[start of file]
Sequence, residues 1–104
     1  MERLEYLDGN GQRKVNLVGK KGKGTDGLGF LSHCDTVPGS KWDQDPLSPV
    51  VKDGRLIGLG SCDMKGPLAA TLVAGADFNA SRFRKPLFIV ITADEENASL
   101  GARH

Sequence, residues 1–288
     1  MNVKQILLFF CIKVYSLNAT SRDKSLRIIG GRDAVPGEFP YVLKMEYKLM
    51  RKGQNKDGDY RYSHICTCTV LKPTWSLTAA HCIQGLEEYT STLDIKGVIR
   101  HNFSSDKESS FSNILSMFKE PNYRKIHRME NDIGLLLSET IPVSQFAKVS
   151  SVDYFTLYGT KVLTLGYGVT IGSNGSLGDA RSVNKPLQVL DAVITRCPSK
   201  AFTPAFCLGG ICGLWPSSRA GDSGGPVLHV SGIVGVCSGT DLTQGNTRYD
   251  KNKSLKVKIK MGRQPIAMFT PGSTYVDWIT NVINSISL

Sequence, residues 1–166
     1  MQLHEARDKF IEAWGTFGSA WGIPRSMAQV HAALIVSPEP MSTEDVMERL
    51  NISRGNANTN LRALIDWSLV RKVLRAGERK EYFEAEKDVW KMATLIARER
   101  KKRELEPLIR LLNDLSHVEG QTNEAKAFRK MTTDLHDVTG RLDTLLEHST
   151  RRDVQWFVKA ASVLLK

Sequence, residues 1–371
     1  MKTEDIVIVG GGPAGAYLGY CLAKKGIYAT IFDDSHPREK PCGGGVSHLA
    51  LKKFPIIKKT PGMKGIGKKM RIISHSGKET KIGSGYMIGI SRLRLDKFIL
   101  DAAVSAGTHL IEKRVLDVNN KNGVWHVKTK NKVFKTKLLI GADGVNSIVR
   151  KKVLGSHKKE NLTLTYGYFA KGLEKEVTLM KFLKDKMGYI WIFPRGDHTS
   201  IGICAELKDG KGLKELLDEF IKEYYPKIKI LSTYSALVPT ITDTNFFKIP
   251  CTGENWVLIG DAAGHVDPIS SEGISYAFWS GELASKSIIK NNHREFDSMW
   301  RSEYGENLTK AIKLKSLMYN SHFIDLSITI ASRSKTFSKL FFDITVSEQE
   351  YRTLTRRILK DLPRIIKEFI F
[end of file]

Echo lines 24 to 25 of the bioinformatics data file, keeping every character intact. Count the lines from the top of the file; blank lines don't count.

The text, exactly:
   301  RSEYGENLTK AIKLKSLMYN SHFIDLSITI ASRSKTFSKL FFDITVSEQE
   351  YRTLTRRILK DLPRIIKEFI F